Table 1
Table 1:
Patient Data
Figure 1.
Figure 1.:
Evolution of sensory block quality in the territories of the musculocutaneous, median, radial, and ulnar nerves over the 30-min evaluation period. Closed circles = infraclavicular data; open circles = supraclavicular data. Block score = proportion of cold sensation inhibited by the block as compared to the contralateral side. Average block scores are shown ± 1 sd.
Table 2
Table 2:
Complete Block at 30 Minutes

Performance times were significantly shorter in the last 20 patients than in the first 20 patients of Group I (5.65 min versus 2.35 min; P = 0.001), whereas in Group S a similar trend towards shorter performance times was not quite significant (5.65 min versus 3.65 min; P = 0.06). Group I performance times also became shorter than those in Group S (P = 0.03). Block quality also improved in Group I as the study progressed. Radial block quality was significantly worse in Group I compared with Group S for the first 20 patients (0.77 versus 0.99, respectively; P = 0.02) but was not significantly different in any territory for the last 20 patients.

Adequate image acquisition time was significantly shorter in Group I compared with Group S (12 s versus 28 s, respectively; P < 0.0001). Block performance times were similar between groups (4.0 ± 3.3 min and 4.7 ± 4.0 min for Groups I and S, respectively; P = 0.22; difference = 39 s; 95% confidence interval: −58 to 136 s).

Technique-related pain scores were not different between groups (2.0 ± 2 versus 2.0 ± 2 in Groups I and S, respectively; P = 1.00) and there were no differences in the amount of sedation received before the performance of the block or intraoperatively (Table 1). One patient in each group received an additional 100 μg of fentanyl after block quality had been completely evaluated because of the need to take a skin graft off their thigh. No patient in either group underwent general anesthesia.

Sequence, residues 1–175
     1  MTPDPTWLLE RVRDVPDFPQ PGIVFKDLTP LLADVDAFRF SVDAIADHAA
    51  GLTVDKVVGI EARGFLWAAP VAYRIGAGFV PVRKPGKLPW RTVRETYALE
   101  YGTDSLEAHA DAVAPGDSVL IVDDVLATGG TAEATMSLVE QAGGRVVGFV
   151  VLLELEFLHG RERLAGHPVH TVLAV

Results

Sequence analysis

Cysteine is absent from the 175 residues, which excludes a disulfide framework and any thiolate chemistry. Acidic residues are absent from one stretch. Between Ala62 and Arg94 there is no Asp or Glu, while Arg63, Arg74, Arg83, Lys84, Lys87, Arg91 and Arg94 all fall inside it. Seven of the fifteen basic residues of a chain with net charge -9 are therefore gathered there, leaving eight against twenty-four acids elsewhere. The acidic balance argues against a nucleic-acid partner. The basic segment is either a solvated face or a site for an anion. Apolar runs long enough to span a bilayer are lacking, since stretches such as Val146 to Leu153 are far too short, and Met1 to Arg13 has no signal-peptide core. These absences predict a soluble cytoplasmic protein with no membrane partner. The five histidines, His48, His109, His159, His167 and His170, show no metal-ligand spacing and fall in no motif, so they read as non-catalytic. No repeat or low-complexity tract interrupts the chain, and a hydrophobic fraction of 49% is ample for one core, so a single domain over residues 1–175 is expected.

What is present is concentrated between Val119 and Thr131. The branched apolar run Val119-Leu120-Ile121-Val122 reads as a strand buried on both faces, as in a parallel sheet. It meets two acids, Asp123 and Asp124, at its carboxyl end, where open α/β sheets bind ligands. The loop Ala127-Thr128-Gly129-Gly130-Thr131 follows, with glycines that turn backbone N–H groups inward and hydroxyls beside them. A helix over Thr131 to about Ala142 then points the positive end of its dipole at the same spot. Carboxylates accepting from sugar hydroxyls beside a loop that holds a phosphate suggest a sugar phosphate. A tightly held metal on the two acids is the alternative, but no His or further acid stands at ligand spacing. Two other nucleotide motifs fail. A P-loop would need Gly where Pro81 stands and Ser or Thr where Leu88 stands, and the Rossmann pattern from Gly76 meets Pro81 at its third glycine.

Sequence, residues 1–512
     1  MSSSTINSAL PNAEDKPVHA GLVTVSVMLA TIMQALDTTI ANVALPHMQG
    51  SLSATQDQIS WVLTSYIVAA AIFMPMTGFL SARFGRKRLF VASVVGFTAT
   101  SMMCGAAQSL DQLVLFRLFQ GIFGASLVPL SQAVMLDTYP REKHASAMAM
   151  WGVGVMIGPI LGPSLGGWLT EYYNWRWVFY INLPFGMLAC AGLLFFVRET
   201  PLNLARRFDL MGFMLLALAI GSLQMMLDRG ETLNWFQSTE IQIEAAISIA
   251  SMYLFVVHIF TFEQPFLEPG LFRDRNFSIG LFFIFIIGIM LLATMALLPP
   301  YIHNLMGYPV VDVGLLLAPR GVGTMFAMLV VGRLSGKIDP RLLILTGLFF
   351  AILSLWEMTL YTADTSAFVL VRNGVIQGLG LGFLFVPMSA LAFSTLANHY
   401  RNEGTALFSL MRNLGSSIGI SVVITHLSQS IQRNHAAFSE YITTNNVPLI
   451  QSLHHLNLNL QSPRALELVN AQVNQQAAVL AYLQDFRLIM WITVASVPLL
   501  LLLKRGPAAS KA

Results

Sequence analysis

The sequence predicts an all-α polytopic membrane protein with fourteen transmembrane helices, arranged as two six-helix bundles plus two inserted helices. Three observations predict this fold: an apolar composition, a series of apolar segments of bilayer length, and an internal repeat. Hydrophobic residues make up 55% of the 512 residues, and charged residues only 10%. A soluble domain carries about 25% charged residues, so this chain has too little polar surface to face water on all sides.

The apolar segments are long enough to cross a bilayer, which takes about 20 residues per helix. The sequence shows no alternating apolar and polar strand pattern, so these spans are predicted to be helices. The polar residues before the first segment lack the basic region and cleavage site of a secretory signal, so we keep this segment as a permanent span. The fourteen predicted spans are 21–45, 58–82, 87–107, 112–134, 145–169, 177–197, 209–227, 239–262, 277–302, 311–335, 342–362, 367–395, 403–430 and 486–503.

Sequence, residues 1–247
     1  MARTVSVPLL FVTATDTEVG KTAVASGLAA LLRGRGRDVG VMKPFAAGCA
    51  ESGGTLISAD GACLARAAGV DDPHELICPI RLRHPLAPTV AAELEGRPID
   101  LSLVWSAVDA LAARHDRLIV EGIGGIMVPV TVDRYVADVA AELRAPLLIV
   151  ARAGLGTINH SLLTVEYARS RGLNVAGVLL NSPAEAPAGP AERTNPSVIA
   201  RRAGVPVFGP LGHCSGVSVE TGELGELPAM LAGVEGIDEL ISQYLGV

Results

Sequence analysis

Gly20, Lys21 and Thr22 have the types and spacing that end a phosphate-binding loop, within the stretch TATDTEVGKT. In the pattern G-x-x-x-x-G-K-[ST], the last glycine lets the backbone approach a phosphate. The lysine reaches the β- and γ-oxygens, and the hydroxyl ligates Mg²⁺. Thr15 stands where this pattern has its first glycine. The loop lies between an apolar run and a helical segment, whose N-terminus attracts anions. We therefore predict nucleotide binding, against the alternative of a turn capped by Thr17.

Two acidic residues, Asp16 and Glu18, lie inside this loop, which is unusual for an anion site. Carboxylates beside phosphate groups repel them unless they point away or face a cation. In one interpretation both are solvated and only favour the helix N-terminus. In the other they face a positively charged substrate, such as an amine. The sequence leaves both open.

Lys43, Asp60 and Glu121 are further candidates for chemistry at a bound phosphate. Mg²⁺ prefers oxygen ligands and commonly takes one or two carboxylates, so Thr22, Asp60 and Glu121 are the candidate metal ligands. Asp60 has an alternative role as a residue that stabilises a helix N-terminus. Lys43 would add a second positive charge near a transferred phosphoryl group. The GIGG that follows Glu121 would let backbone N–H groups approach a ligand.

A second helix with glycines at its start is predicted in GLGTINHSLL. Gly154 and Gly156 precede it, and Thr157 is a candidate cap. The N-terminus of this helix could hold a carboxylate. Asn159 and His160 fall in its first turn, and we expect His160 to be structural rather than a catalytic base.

Failure of the block technique occurred in two patients in Group S because of an inability to visualize the subclavian artery and the brachial plexus after 20 min and in one patient in Group I because of an inability to obtain distal nerve stimulation after 20 min. These patients were included in the analysis of block performance time and they received an alternate technique of brachial plexus block.

At the 1-week follow-up, no complication related to the anesthetic technique (pneumothorax, neuropathy) was reported. The duration of postoperative analgesia was not significantly different between groups (I: 434 ± 167 min versus 471 ± 215 min in Groups I and S, respectively; P = 0.39; difference = 37 min; 95% confidence interval: −60 to 134 min). No patient was lost at follow-up.


This prospective randomized study demonstrates that although ultrasonic visualization is more rapid in the infraclavicular region than in the supraclavicular region, block performance times were similar. USG infraclavicular brachial plexus block resulted in the same success rate for surgical block as USG supraclavicular block. However, the radial territory may not have been as reliably anesthetized using USG infraclavicular blockade.

In our study, using a 7.5-MHz probe, recognition of the neurovascular structures was easier for the infraclavicular approach, as evidenced by significantly shorter visualization times in Group I. This result is explained by the relative technical ease with which the ultrasonic probe could be applied in the infraclavicular region. Chan (9), using a high frequency probe at the infraclavicular level, was able to visualize the brachial plexus in only 27% of cases. In contrast, Sandhu and Chan (4) and Ootaki et al. (3), using lower frequency probes, did not report any difficulties in imaging the brachial plexus at this level. Taken together, these results may indicate that the use of higher frequency probes is not required for USG infraclavicular blockade.